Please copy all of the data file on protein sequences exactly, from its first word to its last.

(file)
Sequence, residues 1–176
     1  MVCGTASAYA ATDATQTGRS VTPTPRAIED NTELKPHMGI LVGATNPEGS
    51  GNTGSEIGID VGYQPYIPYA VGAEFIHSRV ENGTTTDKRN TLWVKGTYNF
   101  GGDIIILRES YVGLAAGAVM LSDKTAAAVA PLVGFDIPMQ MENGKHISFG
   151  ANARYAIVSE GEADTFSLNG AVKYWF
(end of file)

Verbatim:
Sequence, residues 1–176
     1  MVCGTASAYA ATDATQTGRS VTPTPRAIED NTELKPHMGI LVGATNPEGS
    51  GNTGSEIGID VGYQPYIPYA VGAEFIHSRV ENGTTTDKRN TLWVKGTYNF
   101  GGDIIILRES YVGLAAGAVM LSDKTAAAVA PLVGFDIPMQ MENGKHISFG
   151  ANARYAIVSE GEADTFSLNG AVKYWF